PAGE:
Chalk and Pencil Skirts

People, have we discussed my crush on Amber Tamblyn? She was a hell of a lot of fun as an anxious cop seeking to make it as a homicide detective without help from her wealthy parents on The Unusuals. She’s prickly and charming as an aspiring filmmaker who has a pregnancy scare in The Sisterhood of the Traveling Pants movies*. And she’s one of the few Hollywood actresses who work fairly regularly who look like actual human women as opposed to cartoons.

So it’s completely excellent news that she’s working on a show set in a public school with Ed Burns, of The Wire fame. We get a lot of shows about cops and hospitals, but public schools are probably the branch of government that the largest numbers of Americans have the most contact with, and they’re largely absent from the small screen, with the exception of the occasional show like Boston Public or Glee. Both of those shows are topic-of-the-week stories rather than systematic critiques of public education. But oh, how we need one. Our debate over education reform is cinematic in the extreme: it’s got great, strong personalities, ranging from Michelle Rhee to past National Education Association president Reg Weaver (Note to Mr. Burns: if you need a consultant who can tell you stories about Reg Weaver’s wife’s poundcake, I am ready and available); the issues are intensely emotional and not easy to resolve, providing fertile ground for debates and anti-heroes; and the schools bring together people across race, class, and age lines in the same way that crimes and emergency rooms do.

Burns and Tamblyn seem like a great combination to make that kind of show happen. Tamblyn’s human and fun, she’ll be a relatable portal for audiences, and one who can perhaps help translate Burns’ sophisticated ideas about education for a mass audience. There’s no question that Season Four of The Wire is intensely compelling television, but it’s also so grim that it’s not necessarily the right starting point for broader questions about how to fix all of our schools. But we don’t need more Dangerous Minds-style pablum, either. We need a show that can introduce audiences to the broad language and basic outlines of the debate over education reform, the same way Law & Order teaches due process and House teaches medical ethics. It’s not a substitute for policy, but it’s a step towards common understanding.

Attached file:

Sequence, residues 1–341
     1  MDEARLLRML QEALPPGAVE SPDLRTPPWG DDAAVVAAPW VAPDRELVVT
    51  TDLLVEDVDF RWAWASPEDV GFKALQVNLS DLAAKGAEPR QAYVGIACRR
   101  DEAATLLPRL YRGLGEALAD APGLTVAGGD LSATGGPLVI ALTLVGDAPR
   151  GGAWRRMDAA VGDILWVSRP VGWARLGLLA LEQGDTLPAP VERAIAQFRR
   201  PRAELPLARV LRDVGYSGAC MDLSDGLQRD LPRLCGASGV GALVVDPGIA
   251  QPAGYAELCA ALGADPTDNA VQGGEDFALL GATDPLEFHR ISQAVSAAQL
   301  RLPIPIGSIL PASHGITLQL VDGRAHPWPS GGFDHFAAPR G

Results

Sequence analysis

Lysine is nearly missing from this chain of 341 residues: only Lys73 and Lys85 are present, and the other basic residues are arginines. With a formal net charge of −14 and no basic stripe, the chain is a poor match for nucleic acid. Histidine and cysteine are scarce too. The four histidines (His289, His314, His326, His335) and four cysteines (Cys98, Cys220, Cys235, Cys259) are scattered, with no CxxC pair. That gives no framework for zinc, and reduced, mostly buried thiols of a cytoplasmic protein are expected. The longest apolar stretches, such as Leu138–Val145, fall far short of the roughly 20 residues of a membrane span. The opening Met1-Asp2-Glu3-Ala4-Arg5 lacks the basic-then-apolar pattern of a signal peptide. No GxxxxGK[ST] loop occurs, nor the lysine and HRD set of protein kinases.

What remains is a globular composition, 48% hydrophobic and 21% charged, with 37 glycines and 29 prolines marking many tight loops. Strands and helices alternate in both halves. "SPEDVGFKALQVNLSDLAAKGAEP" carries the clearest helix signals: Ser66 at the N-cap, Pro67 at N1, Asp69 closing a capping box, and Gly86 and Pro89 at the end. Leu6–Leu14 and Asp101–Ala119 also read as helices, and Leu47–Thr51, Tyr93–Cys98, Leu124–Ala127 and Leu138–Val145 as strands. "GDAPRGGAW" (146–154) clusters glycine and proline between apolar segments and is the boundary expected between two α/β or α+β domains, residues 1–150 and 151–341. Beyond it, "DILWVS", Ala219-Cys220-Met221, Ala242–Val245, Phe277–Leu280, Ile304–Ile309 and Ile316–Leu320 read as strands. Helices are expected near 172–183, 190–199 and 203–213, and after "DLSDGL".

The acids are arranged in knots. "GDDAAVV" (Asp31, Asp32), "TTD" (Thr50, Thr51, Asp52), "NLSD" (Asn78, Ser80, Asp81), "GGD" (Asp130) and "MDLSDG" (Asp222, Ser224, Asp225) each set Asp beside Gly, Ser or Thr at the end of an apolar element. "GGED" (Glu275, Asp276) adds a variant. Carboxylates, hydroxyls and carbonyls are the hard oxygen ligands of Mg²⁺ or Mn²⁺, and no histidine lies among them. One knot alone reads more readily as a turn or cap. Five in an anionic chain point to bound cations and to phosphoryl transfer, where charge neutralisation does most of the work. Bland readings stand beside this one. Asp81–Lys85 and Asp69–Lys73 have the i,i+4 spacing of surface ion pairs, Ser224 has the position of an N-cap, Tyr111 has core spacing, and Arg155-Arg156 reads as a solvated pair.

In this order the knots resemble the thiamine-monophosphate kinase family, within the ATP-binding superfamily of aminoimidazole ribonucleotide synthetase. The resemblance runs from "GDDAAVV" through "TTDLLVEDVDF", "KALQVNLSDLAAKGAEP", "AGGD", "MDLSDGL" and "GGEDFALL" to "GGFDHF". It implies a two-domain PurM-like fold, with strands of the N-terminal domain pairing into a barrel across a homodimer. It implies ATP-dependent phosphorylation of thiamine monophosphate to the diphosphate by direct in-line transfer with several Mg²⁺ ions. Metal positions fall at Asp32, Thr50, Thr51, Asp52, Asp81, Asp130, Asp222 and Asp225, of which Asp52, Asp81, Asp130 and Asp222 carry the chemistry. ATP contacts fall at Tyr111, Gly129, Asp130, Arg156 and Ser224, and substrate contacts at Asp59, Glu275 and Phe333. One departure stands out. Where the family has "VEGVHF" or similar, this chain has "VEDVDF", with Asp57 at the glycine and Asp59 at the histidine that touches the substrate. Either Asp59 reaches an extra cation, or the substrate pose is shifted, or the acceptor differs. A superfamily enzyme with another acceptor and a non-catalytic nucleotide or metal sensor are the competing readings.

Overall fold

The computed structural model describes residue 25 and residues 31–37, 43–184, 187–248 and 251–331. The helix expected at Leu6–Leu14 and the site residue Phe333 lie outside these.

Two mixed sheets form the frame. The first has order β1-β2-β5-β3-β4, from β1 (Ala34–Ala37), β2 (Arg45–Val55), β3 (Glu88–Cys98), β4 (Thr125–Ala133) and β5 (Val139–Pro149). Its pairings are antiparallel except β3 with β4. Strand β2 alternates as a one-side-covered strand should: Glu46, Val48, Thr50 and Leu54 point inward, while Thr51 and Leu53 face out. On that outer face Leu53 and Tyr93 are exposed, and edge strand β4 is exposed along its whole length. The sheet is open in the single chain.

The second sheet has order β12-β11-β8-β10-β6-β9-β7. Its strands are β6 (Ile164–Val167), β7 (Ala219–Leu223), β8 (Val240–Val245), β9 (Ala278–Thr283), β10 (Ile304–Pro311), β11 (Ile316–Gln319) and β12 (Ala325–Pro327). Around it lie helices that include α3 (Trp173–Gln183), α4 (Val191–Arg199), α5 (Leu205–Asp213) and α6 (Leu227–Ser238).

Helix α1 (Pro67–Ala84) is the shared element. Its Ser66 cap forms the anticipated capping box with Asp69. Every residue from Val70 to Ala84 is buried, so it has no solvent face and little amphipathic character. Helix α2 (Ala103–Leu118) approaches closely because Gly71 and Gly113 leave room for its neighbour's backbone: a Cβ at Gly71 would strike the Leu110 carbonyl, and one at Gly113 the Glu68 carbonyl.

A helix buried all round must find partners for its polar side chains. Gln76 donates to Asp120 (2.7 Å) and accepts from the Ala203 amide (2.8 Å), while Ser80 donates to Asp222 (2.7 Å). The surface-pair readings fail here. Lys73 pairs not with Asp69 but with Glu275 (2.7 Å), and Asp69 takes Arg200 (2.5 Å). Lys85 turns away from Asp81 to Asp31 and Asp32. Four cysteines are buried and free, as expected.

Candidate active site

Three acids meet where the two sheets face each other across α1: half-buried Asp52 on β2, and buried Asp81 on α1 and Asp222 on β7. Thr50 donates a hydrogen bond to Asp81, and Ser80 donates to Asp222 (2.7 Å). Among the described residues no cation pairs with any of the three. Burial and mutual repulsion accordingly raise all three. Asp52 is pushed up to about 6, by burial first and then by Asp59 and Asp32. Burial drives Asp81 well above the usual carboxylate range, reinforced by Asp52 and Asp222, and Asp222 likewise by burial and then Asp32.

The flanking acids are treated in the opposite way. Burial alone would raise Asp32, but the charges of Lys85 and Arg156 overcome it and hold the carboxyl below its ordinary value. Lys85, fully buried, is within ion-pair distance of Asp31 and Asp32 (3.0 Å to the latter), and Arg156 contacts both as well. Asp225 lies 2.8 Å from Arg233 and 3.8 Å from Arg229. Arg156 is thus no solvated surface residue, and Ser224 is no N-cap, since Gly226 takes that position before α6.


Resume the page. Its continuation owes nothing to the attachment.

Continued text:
*By the way: The Sisterhood of the Traveling Pants movies are completely substantive and excellent. I haven’t ever read the books, but I’ve seen both movies, which deal sensitively and intelligently with race, depression, and decisions about sex. That doesn’t mean you have to see them, but if there’s a tween or teenage girl out there you ever need to bond with, you could do a mitzvah by suggesting an evening that’s a double-header of these two movies.